The tentacle was important as it addressed the kraken mentioned in the title. The same who kraken who was a major character in the book. I asked for it to be white. And she made it white. She had it curl down the edge and provide a wonderful backdrop for the ‘M’ of my first name.

I adored this tentacle.

Less than three weeks later, the print version of the book came out. Within a week, I received a small box of the books and I danced around the room with them. Oh! The excitement of seeing your first cover and being able to hold it in your hands! (I love e-books, but the print edition fed my soul in a way that is hard to describe.)

Not long after, the wife of an old high school acquaintance reached out on FB to say how much she was enjoying the book. I replied. She replied. Long story short, I met her and her husband for lunch a few weeks later. Where I signed the book. And in discussing the process of publication, I lifted the book to address how much the cover reflected the story. And realized, for the first time…that the tentacle was missing.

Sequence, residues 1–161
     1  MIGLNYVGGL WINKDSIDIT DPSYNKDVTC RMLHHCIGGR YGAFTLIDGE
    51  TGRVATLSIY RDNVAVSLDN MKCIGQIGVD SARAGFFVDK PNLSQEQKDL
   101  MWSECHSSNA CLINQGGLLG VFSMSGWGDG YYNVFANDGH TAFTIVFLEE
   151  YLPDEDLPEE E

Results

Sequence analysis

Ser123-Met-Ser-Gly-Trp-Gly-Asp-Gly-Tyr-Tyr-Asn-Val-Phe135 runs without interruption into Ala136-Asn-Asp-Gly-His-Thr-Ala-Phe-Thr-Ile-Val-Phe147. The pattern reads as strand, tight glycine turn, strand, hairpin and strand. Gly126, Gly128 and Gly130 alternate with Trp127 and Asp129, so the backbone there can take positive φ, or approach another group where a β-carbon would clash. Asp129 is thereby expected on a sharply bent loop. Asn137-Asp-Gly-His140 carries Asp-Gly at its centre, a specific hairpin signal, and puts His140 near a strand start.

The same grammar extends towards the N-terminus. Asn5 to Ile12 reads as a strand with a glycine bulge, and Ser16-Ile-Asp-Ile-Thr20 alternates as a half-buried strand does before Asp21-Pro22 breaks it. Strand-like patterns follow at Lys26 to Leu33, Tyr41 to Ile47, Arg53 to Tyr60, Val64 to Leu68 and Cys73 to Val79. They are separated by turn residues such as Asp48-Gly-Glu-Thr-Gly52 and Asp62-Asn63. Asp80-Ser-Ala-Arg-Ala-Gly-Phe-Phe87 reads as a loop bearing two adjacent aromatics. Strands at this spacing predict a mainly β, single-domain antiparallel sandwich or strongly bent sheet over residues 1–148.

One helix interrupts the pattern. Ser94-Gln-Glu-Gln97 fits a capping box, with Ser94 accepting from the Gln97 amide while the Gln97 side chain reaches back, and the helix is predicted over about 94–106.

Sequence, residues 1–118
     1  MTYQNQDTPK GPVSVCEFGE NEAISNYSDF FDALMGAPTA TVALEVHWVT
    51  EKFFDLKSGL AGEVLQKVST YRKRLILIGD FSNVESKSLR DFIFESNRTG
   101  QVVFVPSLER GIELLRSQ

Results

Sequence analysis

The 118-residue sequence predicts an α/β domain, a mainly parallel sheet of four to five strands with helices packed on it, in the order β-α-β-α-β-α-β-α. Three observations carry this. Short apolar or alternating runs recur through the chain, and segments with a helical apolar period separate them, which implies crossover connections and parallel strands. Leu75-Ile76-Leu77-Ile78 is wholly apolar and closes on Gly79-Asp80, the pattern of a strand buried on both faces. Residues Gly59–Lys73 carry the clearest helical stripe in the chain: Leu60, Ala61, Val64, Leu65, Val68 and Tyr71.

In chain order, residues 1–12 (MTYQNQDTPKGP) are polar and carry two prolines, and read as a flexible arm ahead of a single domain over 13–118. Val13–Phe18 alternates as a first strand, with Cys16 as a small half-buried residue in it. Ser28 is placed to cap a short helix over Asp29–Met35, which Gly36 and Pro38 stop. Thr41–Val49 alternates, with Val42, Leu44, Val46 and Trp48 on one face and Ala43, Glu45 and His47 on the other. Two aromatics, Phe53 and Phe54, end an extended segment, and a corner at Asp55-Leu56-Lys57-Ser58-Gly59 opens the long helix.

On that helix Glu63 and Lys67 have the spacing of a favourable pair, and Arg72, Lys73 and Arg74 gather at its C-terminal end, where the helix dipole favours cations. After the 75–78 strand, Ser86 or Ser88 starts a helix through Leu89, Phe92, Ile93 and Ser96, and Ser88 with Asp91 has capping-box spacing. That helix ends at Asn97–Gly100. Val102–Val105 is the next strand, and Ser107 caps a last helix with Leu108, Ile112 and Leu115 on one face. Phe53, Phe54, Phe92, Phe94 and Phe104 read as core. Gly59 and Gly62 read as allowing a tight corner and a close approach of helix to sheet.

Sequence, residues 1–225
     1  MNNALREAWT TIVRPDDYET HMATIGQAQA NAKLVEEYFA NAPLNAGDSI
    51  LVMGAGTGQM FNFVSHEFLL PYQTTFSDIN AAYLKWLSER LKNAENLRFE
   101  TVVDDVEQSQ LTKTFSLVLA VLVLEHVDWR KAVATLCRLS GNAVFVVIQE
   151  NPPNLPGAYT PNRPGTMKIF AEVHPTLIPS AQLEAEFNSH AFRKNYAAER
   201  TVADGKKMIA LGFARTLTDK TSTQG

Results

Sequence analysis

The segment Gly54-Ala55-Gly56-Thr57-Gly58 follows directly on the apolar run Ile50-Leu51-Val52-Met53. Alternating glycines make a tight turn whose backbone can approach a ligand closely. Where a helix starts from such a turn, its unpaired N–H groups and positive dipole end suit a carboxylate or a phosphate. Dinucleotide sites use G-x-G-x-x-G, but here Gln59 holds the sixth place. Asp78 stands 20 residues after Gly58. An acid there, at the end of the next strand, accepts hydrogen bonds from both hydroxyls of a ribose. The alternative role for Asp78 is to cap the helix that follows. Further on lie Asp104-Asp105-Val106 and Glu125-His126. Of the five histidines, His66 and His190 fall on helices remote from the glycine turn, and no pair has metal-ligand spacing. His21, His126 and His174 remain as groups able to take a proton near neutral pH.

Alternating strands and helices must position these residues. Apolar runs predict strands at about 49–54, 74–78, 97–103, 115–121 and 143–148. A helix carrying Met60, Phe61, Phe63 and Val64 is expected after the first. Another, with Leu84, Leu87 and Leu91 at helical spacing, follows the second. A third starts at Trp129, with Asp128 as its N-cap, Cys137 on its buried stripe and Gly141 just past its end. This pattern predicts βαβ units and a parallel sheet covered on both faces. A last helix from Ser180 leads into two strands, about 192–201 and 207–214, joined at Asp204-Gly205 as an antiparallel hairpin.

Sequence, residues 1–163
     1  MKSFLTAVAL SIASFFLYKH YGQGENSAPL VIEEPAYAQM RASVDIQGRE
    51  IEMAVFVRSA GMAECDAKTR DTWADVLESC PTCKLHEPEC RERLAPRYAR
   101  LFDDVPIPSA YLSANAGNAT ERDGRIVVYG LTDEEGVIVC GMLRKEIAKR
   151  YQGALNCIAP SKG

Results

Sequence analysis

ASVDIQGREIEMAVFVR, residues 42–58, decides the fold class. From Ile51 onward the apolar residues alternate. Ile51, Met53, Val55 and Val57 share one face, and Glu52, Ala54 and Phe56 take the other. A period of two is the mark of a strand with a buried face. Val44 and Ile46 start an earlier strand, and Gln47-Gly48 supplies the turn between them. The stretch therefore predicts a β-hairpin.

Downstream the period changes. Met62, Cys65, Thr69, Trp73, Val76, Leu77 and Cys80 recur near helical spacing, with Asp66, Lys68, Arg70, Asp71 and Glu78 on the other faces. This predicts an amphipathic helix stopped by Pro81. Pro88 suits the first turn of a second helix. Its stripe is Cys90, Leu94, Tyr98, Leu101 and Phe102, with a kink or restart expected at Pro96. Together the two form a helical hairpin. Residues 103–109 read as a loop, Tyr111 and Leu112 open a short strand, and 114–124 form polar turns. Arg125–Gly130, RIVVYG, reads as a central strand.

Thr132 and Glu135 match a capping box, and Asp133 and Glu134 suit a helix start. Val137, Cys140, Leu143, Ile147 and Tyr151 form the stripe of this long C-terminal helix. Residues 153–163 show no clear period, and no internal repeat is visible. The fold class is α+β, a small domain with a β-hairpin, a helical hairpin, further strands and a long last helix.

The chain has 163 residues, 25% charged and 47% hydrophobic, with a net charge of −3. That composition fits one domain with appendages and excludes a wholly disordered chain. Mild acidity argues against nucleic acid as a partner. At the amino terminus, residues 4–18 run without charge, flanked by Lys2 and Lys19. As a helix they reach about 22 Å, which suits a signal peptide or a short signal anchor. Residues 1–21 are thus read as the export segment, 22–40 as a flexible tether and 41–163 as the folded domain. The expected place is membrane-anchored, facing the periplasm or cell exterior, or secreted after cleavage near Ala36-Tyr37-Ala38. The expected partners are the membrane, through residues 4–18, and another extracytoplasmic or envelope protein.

(I never claimed to be the most observant of writers. Ask me about the bank robbery that went on next to my Starbucks some day… La la la la la!)

I went home and wrote my editor. Who looked at the print edition and wrote me back. “Ooops.”

Sigh.

Okay, I know these things happen. And the print cover is slightly different, sans tentacle, than the electric cover. The details are sharper. The pirate is larger…it’s a fabulous cover. It just…well…lost the kraken accidentally. Dara was sorry. My editor was sorry. Nothing to be done at that point.

Well. Damn. What to do?

I’m not idiot. I had to make a plus out of this negative. Lemonade out of this lemon. See the silver lining around this dark cloud. I had a book I loved, I had a cover I loved, even if it was missing the kraken.

Where did he go? And so…the Where Did the Kraken Go contest was born!


This is what I decided to do. I wanted to be imaginative. I wanted to make some magic and have fun. I wanted more people to like my author facebook page (yeah, this has changed since FB decided to get all rule bound!) and pay attention to … well… me. And my blog. And entice other blogs to take part… This is the contest…

In a nutshell… I ask people to tell me where they think the kraken is. I offered up a few bits of speculation of my own and invited them to choose one, or create another. And for each guess, either on my blog, on my author FB page (I still love to see posts on my FB pages…and I’m noting them on my entry list), or on any guest blog during the month of May, they are entered in a drawing for some fabulous prizes.